Saying goodbye to my ‘better half’
After 40 happy years with husband Ken, Jennie was dreading the prospect of him ‘wasting away’ at home. But with a Marie Curie Nurse by her side, they had a perfect and peaceful farewell. This is her story.
Ken told us he wanted to come home to die.
He had been diagnosed with terminal abdominal cancer months earlier. And as the end approached, he chatted with the nurses about his options. He told me: “I want to be home, but not if you can’t cope.”
And the truth is, I was worried about coping. I thought my son, daughter and I would be left looking after him ourselves, 24/7. But then the hospital said we’d have district nurses during the day and Marie Curie Nurses calling round at night.
And that’s what happened. First we had one Marie Curie Nurse visit, and then another Marie Curie lady came on the evening Ken died. And she was wonderful.
When she arrived, she first said hello to my husband, and then said: “Come into the kitchen; let’s have a cup of tea and you can tell me Ken’s story.” That was really nice, because she obviously wanted to know who he was. That meant a lot to me.
After a while, the nurse sent me off to bed to get some sleep. But later that evening, she came down and just said: "Come and be with him". Meanwhile, she’d told my son, who’d been staying with us along with his partner, to ring his sister and ask her to come up the road to our house. Thanks to her, we were all there when Ken actually passed away.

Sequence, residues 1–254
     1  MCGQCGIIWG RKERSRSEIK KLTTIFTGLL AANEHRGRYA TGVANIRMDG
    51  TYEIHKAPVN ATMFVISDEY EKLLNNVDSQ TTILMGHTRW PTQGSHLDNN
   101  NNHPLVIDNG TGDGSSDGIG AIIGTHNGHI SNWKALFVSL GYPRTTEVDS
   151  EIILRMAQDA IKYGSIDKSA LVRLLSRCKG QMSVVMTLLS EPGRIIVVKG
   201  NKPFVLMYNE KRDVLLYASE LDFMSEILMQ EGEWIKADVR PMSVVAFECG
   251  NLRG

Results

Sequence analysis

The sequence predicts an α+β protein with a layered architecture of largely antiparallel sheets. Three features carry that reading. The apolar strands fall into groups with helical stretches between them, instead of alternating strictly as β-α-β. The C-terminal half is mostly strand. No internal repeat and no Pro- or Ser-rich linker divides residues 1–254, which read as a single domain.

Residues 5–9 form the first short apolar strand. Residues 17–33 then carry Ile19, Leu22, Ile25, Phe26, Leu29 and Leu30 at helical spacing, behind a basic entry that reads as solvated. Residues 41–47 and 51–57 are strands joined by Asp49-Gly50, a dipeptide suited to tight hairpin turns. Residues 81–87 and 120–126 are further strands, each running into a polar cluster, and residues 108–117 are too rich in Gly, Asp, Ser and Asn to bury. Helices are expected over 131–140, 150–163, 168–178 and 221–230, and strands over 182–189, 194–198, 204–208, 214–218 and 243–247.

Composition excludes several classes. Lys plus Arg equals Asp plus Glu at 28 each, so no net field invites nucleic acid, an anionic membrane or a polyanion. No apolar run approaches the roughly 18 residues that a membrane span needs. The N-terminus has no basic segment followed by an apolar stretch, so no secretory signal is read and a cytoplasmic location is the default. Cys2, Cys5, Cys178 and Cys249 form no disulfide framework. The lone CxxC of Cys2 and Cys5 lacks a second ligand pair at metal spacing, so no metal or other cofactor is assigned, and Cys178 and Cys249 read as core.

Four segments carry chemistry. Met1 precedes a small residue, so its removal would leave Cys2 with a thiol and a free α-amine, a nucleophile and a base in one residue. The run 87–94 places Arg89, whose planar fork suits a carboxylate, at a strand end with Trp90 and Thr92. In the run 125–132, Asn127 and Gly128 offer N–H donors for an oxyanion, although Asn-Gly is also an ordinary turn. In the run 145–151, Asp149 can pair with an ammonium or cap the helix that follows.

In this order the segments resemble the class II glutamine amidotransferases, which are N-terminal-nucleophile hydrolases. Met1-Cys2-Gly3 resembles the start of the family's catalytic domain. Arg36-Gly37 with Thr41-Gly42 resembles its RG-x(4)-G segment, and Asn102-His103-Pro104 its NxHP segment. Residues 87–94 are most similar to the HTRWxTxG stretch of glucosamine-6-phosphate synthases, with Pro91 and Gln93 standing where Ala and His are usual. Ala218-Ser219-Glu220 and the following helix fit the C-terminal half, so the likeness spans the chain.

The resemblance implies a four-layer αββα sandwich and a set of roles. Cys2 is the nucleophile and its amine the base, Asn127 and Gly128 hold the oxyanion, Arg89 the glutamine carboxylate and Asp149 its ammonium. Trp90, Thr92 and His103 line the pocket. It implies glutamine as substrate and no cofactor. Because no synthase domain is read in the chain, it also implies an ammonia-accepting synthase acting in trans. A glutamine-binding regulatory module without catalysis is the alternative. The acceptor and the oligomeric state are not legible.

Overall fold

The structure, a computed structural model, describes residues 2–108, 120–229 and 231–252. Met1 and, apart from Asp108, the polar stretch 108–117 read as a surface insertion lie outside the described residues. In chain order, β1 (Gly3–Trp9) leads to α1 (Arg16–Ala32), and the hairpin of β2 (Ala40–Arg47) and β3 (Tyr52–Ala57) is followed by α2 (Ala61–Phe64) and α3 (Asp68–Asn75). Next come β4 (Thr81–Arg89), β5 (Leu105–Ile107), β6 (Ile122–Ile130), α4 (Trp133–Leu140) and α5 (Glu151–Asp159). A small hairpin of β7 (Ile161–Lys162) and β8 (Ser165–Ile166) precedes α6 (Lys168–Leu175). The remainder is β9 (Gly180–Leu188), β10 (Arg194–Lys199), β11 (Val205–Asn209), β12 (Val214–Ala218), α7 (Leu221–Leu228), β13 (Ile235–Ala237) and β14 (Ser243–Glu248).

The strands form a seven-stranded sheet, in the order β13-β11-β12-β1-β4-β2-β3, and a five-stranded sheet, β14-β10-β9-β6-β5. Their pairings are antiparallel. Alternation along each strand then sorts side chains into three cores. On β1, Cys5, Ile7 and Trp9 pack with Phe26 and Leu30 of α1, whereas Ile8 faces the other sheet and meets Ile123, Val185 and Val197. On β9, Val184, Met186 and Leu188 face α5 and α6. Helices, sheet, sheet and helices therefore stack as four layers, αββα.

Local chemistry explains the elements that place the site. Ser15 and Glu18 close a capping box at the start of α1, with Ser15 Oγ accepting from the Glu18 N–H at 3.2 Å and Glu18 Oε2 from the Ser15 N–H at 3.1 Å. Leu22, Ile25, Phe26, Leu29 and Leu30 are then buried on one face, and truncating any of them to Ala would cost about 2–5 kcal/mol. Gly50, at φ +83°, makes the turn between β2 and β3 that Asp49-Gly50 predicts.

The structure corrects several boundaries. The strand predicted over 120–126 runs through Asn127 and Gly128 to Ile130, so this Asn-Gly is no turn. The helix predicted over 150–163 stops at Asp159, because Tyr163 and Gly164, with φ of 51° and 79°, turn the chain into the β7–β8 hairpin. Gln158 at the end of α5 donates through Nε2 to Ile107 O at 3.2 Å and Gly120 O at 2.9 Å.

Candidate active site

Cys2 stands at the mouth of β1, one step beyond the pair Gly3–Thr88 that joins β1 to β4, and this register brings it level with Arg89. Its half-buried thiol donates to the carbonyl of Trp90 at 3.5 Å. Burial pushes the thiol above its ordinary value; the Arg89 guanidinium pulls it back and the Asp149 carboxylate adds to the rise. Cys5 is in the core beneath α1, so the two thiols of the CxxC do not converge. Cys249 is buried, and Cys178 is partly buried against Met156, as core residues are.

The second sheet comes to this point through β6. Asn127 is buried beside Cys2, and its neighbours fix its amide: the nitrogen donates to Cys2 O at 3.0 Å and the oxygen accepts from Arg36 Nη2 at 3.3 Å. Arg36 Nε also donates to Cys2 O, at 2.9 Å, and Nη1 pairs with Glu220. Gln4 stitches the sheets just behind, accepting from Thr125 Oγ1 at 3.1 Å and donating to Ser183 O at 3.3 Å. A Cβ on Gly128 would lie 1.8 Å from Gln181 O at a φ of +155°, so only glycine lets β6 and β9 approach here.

Forty happy years
Afterwards, it was such a big support to have the nurse there. She asked if I wanted to help tidy him up. I’d never touched a dead body before, but with her there it seemed okay.
She did everything with such care and chatted to Ken as though he was still alive. When it was time for him to be taken away, she said: “Don’t worry, I’ll make sure he is treated with dignity.“
Of course, I still miss him terribly. Recently, I dreamt that he was there and I was cuddling him, and it was so very real. I woke up and it was like I felt his presence. I know I am never going to get over losing him. But I also know we had nearly 40 years together and that he died at home like he wanted to, with me right beside him.
After the funeral, we all knew that as a family we wanted to support Marie Curie. First, my daughter did the Swimathon. Then I was asked if I was interested in joining the local group of volunteers.
Since then, I’ve done the Blooming Great Tea Party and sold raffle tickets and done quizzes, all those kinds of things. And I recently joined the Expert Voices Group , which advises Marie Curie on the best ways to support those living with a terminal illness. I’m retired now so have more time to help.
Ken was a very good father, a truly wonderful husband and we had a very happy marriage. Now I try to look on the positive side, and be grateful that I had so much time with him. He was always my better half.